I apologize for the confusion. The group you requested to join is not a discussion group but in fact an ADE committee reserved for department chairs. The name and description have been edited to make this clear.
You should not have received a “rejection” e-mail—in fact, you should not have been able to request membership at all, since membership is controlled by the MLA database. If you can let me know how you requested membership, we will work to fix the oversight to avoid this kind of confusion with other members.
I should note that we certainly share your desire for an open, transparent MLA Commons. However, the Commons must also function as a place for committees and other groups to conduct business. The need for privacy may vary from group to group, so we made the decision to designate all committees, divisions, and discussion groups as “private groups” by default. This allows the groups themselves to decide whether to open themselves up (which we encourage) or remain private.
We certainly welcome dialogue between members and between members and MLA staff on the Commons, and you are free to communicate with anyone—either in the context of another group or by sending them a message via their profile page.
Thanks for your feedback and sorry again for the confusion.
I want to limit the number of plugins, so the best approach is to take these up one at a time and include them all in a single plugin. Where possible I’ll use oEmbed, which provides the user-friendly approach of being able to paste in a URL on its line. I’ve added SoundCloud:
Private groups are currently a bit special because they are the default group type for MLA Committees, Divisions, and Discussion Groups. To leave these groups, you should log into your MLA member account at mla.org and remove yourself from the corresponding Division or Discussion Group. (It is not possible to remove yourself from an MLA Committee, for obvious reasons.) The next time you log in to the Commons, you should be removed from the corresponding Commons group. Note that this has not been extensively tested, so it is certainly possible that this functionality needs some work.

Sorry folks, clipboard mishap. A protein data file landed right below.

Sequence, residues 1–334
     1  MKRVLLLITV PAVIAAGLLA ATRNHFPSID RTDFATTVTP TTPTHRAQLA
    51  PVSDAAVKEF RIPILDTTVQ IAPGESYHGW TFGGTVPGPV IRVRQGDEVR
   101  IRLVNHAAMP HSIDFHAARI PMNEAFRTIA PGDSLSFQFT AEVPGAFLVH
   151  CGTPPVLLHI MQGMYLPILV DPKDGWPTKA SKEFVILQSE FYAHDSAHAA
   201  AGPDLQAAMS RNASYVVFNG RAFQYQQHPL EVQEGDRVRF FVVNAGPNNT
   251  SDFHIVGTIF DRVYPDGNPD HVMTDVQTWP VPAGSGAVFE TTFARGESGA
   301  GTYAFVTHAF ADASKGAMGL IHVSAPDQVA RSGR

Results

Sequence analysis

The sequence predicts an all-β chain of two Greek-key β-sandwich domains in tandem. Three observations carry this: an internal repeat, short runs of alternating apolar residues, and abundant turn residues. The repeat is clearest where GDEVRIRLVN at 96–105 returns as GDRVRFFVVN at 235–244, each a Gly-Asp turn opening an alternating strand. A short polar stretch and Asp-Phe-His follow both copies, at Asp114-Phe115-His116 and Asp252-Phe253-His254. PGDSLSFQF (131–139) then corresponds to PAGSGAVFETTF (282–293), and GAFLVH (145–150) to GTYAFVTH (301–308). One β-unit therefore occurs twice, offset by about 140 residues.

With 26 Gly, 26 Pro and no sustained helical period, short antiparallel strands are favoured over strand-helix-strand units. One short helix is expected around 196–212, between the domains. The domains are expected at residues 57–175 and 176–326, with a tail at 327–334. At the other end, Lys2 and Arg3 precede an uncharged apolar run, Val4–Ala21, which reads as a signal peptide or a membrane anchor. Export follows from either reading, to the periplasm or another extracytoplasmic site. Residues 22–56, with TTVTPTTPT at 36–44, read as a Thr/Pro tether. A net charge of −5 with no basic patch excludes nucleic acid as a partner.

Eventually our goal is to integrate MLA member accounts into the Commons such that you can join/leave Divisions and Discussion Groups directly from the Commons.
Because MLA Commons is a multisite WordPress install, there are certain user behaviors that could end up being detrimental to everyone. Unfortunately, <embed>s, <object>s, and <iframe>s fall into this category. This is the case even for the big boys like WordPress.com, which also restricts their use.
Luckily, there is a workaround. Instead of full embeds, WordPress allows for shortcodes to embed media for many popular media sites. The hands-down easiest way is to simply paste in the URL from a supported media site; WordPress takes care of the rest:
The above video was embedded by putting the following URL by itself on its own line, e.g.: http://www.youtube.com/watch?v=wQUrVlT4B-c
The shortlink version also works, e.g.: http://youtu.be/wQUrVlT4B-c
There are additional shorthand methods to provide parameters to the embed. For more information, visit the shortcodes page linked above.
Hi @vcpasupathi! I’m not sure what was causing this issue, but it seems to be resolved. Your privacy setting is “I would like my blog to be visible only to registered users of MLA Commons” and that’s the case. You also show up in the Blogs tab and in search results. Let me know if you see any quirks!
Thanks for pointing that out. We’re trying to simplify the choices up there, but there’s still more work to do. I think, ideally, it would simply take you to the Sites section of your profile. I’ll see what we can do.